3.
Front Med (Lausanne) ; 7: 564250, 2020.
Article in English | MEDLINE | ID: covidwho-1186808

ABSTRACT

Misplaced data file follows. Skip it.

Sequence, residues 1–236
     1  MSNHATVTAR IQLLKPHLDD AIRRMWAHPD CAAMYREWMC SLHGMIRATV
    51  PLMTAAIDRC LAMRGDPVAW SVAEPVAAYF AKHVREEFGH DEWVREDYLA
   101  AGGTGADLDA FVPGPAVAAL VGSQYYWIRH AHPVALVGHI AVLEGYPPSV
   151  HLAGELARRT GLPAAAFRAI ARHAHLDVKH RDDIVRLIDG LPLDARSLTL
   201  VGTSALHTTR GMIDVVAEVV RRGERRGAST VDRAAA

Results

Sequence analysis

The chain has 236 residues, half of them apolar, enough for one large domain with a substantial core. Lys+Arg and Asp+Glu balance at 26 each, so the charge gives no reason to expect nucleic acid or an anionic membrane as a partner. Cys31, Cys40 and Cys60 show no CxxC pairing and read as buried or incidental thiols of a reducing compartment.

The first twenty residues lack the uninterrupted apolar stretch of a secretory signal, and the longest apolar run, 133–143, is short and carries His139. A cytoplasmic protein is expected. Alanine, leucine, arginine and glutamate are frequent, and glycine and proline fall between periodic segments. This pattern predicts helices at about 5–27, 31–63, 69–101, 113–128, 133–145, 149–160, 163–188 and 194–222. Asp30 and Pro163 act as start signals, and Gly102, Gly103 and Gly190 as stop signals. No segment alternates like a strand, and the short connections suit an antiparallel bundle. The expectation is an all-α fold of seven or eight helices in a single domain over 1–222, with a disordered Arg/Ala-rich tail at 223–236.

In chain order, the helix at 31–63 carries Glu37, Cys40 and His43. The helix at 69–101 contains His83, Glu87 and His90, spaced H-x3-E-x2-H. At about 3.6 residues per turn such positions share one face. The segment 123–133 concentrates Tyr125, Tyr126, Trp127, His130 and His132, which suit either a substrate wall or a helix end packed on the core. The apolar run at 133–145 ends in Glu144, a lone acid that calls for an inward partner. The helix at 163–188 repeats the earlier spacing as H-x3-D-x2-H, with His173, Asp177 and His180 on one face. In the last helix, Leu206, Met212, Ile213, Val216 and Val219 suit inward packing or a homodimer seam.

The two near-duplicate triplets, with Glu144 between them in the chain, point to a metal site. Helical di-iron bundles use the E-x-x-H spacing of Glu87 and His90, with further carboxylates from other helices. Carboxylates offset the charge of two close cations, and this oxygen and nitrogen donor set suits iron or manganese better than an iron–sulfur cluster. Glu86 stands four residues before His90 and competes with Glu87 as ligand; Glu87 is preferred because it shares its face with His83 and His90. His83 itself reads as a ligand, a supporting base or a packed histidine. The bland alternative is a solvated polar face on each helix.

Background: Few studies have reported the transmission characteristics of coronavirus disease (COVID-19) in low-density populations. This study has therefore analyzed the epidemiological characteristics and clinical outcomes of COVID-19 patients in Northwestern China, an area with low population density. Methods: From January 21 to March 11, 2020, data from patients diagnosed with novel coronavirus pneumonia (NCP) in areas of Northwestern China with lower population densities were retrospectively analyzed. Certain variables were categorized as numbers and percentages, with the ratio between resident patients (no history of going out during the epidemic) and imported patients representing the contagiousness of severe acute respiratory syndrome coronavirus 2 (SARS-CoV-2) responsible for COVID-19. Hospitalization time was also calculated. Results: A total of 617 COVID-19 patients were reported in Northwestern China, and the morbidity and mortality rates of 0.000005 and 0.011, respectively. Further analysis showed that the morbidity was inversely proportional to population density and distance from Wuhan City. This study enrolled 473 confirmed cases; among these patients, there were 248 residents and 225 imported cases with a ratio of 1:1. The youngest and oldest patients were 1 and 94 years of age, respectively, with a median age of 42 years. Fifteen (3.2%) patients were children or infants. Two patients were pregnant, and one patient gave birth to a healthy baby with negative results during her disease course. About 17.3% of patients (82 cases) were healthy carriers without any symptoms during their disease course. One male patient (0.2%) had recurrence of a positive test result 4 days after discharge. The median hospitalization time was 16.0 days, ranging from 2.0 to 43.0 days. Further analysis showed that age (P = 0.03) and severity status (P < 0.001) were significantly correlated with hospitalization time. Conclusions: The morbidity and mortality rates of COVID-19 patients in the regions with a low population density were lower than those of the national average in China. All populations were susceptible to infection by SARS-CoV-2. Asymptomatic patients with positive results should be taken seriously, and the hospitalization time of patients is associated with their age and severity status.